Late Monday evening, Enbridge announced plans for its largest capital project in history— a $7 billion replacement of its Line 3 pipeline.

The existing Line 3 pipeline is part of Enbridge’s extensive Mainline system. The 34-inch pipe was installed in 1968 and currently carries light oil 1,660 km from Edmonton to Superior, Wis. 

While the Line 3 pipeline currently has a maximum shipping capacity of 390,000 barrels of light crude oil per day, pumping stations along the line have a much larger capacity (and can accommodate heavier oils). Enbridge plans to take advantage of this. Under the company's replacement plans, the new Line 3 pipeline will be widened by two inches, and built “using the latest available high-strength steel and coating technology.” By the time it goes into service in 2017, Line 3 will ship 760,000 barrels of oil across the border every day, nearly double what it currently moves. 

Wed, 2014-02-26 15:03Ben Jervey
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WHITEWASH: State Dept Keystone XL Inspector General Report Clears Botched Handling of Environmental Resources Management Conflicts

The State Department's Office of the Inspector General (OIG) has finally weighed in on potential conflicts of interest in the environmental assessments of the proposed Keystone XL pipeline. Sort of.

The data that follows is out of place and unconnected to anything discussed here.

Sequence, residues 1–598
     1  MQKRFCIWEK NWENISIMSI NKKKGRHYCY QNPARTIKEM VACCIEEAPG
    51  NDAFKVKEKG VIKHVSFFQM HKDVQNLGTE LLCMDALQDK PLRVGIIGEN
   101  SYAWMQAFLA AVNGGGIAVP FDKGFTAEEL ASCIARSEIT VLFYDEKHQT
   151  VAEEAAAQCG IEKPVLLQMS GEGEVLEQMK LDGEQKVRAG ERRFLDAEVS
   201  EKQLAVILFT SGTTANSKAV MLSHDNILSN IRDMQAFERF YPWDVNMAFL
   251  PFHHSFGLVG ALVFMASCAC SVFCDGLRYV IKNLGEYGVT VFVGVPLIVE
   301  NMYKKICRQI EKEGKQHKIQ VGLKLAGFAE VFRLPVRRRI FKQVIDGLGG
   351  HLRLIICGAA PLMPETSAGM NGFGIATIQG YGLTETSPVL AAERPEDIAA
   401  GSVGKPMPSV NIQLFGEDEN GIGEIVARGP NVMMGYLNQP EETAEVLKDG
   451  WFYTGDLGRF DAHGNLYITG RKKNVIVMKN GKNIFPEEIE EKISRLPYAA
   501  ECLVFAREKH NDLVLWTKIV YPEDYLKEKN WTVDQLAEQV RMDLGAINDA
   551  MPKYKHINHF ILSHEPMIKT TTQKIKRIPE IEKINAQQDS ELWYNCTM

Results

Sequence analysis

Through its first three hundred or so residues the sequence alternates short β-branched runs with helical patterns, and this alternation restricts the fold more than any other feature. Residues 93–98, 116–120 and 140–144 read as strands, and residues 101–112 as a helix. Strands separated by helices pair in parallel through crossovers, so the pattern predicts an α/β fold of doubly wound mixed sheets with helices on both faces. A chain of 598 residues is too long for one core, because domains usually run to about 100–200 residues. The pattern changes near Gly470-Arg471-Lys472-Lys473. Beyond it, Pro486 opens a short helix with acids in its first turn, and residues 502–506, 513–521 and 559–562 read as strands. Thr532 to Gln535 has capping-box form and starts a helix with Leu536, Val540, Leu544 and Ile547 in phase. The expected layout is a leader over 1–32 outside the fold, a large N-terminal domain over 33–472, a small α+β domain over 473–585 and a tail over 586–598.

The office just released its long-anticipated report, capping off an investigation on whether Environmental Resources Management, the contractor hired by TransCanada to conduct the environmental impact study, had too close a relationship with TransCanada, and whether it deliberately hid those ties in filings with the State Department. 

On first look, the inspector general report takes an extremely narrow view of the potential conflicts, but does declare that the department's procedures for dealing with conflicts of interest are weak and need to be improved. 
 

Specifically, from the OIG's findings:

  • OIG did find that the process for documenting the contractor selection process, including the conflict of interest review, can be improved.
  • OIG also found that the Department’s public disclosures concerning its conflict of interest review could be improved.

Finally, the Office of the Inspector General makes these specific recommendations:

  • OIG recommends that the Department’s Bureau of Oceans and International Environmental and Scientific Affairs, in coordination with the Office of the Legal Adviser, enhance its guidance to more fully articulate its selection and conflict of interest review processes.